An illustration photo of Bitcoin (virtual currency) coins
The recent crackdown on cryptocurrencies in China is a prelude to the assertion of control over this area by the Chinese authorities.
Regulation and oversight could be the saviour or the death of a Bitcoin and others.
The way we talk about cyberspace may make us more vulnerable to hacking.
The UK's biggest industry is poised to lose a big chunk of its (human) workers.
More cryptocurrencies appear all the time.
Cybercriminals increasingly depend on e-currencies to profit from their misdeeds. They, and their potential victims, could be driving some of the growth in cryptocurrency markets.
Blockchain technology is familiar to us in the form of digital currency bitcoin. And if it makes it way to the mainstream, could it change the way the world does business forever?
Voice authentication technology could be used to increase blockchain security.
Merrill College of Journalism/flickr
Providing security in the blockchain would convert into a degree of predictability in the technology. If this was shown to work in the long term, it would also create trust.
Cryptocurrencies are still the only usecase for the blockchain.
The blockchain has been successful when it comes to cryptocurrencies like Bitcoin, but we haven't yet figured out other uses.
Many bitcoins equals a heavy environmental burden.
The digital world is taking more and more space in our lives... and dramatically increasing electrical use. It’s a serious problem given the urgent need fight climate change.
Blockchain is an exciting technology, but for it to go mainstream governments must be able to regulate it.
Laws cannot keep pace with technological advances – but that may not be a bad thing.
No need for a bank: Just a smartphone and a blockchain.
Houman Haddad/UN World Food Program
Already becoming a darling of Wall Street, blockchain technology's biggest real benefits could come to the world's poorest people. Here's how.
A blockchain’s ability to move assets from one owner to another allows less dependence on intermediaries.
There are many hidden costs and inefficiencies in housing markets. Blockchain is poised to transform that.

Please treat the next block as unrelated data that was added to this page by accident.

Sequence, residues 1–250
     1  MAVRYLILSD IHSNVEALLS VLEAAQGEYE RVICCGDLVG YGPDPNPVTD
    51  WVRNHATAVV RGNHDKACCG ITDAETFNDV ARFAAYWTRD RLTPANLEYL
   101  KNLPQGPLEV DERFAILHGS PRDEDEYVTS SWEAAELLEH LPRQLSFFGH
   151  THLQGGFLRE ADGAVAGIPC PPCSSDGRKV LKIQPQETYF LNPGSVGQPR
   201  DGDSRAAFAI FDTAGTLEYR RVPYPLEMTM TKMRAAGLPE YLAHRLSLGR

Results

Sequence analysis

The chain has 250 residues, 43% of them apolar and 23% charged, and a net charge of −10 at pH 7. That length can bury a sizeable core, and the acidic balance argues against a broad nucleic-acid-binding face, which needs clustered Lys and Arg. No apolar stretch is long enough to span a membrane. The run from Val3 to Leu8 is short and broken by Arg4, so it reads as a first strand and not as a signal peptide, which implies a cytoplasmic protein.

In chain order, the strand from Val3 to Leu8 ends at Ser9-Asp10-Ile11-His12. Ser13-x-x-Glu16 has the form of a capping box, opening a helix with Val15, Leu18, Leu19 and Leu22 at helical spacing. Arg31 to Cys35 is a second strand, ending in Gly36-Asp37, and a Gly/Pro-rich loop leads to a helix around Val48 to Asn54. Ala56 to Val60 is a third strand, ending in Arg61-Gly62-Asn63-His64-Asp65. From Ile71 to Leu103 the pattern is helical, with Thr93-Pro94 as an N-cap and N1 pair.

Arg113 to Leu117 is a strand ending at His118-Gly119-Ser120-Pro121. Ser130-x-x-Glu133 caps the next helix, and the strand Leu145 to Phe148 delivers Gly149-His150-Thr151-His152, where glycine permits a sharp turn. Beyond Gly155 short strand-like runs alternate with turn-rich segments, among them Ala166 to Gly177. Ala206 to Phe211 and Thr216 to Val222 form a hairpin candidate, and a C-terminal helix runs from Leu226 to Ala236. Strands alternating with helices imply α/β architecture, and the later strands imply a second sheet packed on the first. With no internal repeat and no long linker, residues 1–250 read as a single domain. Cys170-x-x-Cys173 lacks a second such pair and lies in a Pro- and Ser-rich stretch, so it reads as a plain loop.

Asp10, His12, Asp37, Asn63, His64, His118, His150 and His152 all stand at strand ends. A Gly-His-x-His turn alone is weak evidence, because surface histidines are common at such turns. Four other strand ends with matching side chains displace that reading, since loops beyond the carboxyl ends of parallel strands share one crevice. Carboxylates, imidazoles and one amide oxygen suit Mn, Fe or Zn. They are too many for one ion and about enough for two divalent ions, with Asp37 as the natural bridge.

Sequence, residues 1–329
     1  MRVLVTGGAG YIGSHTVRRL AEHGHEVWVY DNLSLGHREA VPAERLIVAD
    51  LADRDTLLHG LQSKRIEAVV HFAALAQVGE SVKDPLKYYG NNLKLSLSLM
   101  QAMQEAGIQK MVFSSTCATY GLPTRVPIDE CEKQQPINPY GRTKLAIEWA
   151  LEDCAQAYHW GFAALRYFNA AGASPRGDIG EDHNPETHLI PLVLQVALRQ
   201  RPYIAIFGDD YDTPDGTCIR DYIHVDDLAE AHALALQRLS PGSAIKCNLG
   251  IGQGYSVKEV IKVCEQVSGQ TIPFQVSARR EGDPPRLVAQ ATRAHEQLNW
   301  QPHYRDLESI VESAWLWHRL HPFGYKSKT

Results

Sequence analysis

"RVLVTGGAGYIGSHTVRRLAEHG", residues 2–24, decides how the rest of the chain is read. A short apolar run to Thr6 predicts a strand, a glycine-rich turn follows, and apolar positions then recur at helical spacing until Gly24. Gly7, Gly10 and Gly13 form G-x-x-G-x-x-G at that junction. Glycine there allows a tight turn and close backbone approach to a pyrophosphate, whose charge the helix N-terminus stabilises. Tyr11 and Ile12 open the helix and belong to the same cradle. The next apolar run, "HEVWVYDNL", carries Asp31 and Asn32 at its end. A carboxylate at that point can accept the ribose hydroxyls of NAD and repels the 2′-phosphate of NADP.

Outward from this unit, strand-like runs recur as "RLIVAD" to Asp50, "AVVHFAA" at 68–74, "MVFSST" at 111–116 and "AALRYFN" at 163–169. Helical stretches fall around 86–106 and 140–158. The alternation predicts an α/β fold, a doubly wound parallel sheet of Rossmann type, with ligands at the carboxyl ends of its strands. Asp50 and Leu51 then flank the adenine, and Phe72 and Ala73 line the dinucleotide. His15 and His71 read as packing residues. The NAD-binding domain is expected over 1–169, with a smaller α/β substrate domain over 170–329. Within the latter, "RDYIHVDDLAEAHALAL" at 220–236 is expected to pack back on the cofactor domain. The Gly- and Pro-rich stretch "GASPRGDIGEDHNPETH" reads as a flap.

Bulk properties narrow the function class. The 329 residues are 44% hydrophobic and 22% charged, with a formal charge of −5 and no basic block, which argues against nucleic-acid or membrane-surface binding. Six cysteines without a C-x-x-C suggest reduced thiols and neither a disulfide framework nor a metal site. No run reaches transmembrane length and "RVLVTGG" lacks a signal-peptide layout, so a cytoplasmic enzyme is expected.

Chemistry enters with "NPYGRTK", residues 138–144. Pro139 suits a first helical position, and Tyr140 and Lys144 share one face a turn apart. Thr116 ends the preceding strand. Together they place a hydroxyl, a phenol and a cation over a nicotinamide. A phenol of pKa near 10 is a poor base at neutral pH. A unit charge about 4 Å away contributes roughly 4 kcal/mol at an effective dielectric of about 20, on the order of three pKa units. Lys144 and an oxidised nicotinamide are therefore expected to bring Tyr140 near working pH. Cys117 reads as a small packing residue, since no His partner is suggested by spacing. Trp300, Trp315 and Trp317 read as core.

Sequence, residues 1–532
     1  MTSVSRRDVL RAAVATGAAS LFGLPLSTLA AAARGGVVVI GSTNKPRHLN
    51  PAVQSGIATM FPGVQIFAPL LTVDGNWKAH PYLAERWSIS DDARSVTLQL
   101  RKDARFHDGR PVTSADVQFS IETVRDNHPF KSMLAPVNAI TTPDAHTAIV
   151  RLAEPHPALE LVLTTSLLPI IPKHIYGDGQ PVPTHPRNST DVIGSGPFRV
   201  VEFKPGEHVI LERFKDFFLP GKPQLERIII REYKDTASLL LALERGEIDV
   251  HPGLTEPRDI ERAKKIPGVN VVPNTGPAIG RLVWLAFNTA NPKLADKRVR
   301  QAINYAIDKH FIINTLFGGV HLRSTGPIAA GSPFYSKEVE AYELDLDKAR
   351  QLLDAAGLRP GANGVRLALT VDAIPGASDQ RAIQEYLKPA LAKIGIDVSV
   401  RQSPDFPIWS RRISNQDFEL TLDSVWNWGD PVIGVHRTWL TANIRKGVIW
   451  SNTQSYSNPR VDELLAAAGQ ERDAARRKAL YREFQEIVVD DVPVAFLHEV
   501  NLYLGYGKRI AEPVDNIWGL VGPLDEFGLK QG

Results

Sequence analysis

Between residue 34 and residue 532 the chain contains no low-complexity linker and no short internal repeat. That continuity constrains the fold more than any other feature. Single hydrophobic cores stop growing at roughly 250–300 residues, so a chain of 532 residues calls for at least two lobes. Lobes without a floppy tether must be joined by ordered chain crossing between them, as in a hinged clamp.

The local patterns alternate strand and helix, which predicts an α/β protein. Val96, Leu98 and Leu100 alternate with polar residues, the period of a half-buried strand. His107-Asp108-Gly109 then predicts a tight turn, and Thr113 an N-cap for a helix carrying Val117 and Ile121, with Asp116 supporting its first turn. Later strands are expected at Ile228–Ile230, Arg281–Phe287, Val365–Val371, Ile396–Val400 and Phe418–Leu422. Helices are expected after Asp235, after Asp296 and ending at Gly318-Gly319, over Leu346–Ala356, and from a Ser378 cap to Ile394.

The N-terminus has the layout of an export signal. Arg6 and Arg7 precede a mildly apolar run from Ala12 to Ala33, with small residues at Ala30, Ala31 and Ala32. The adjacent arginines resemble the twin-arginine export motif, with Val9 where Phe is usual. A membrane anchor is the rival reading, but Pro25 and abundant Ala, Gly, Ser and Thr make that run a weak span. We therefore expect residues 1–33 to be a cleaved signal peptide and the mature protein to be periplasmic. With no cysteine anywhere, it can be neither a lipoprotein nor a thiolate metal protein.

The Internet of Things offers great opportunities for Africa.
The new Internet of Things has the potential to compensate for Africa's legacies of underdevelopment.
Today’s advertising executives must get familiar with new technology like Bitcoin and blockchain before they are left behind.
The blockchain isn't just for Bitcoin transactions. Advertisers can no longer ignore blockchain's huge implications for the world of marketing.
It’s too soon to say what advantages there are to issuing government bonds using blockchain technology.
Despite a media statement announcing that Commonwealth Bank of Australia (CBA) and Queensland Treasury Corporation (QTC) have created the first government bond using the blockchain (dubbed the “cryptobond…
Watt a good idea.
Many believe we can stabilise the power supply by asking customers to help - but there's a problem.
Social networks built on blockchain technology, such as Steemit, promise a far more democratic experience.
It might be too soon to say that smart contracts will do away with lawyers all together.
Consider, for a moment, these two statements from the “Ultimate Guide to Understanding Blockchain Smart Contracts” on a well known Blockchain website: 1) Traditional Contracts “Traditional physical contracts…
ASX took a wrong bet with Blockchain.
What a difference a year makes. In January 2016, ASX was bathing in the warm glow of having been acclaimed by Blythe Masters, an American super saleswoman and head of a Blockchain start-up called Digital…
A blockchain could be used to record all of our interactions with the government.
The problems with Centrelink's data-matching system stem from reconciling datasets held by different agencies. What if we used a blockchain to create a single source of data?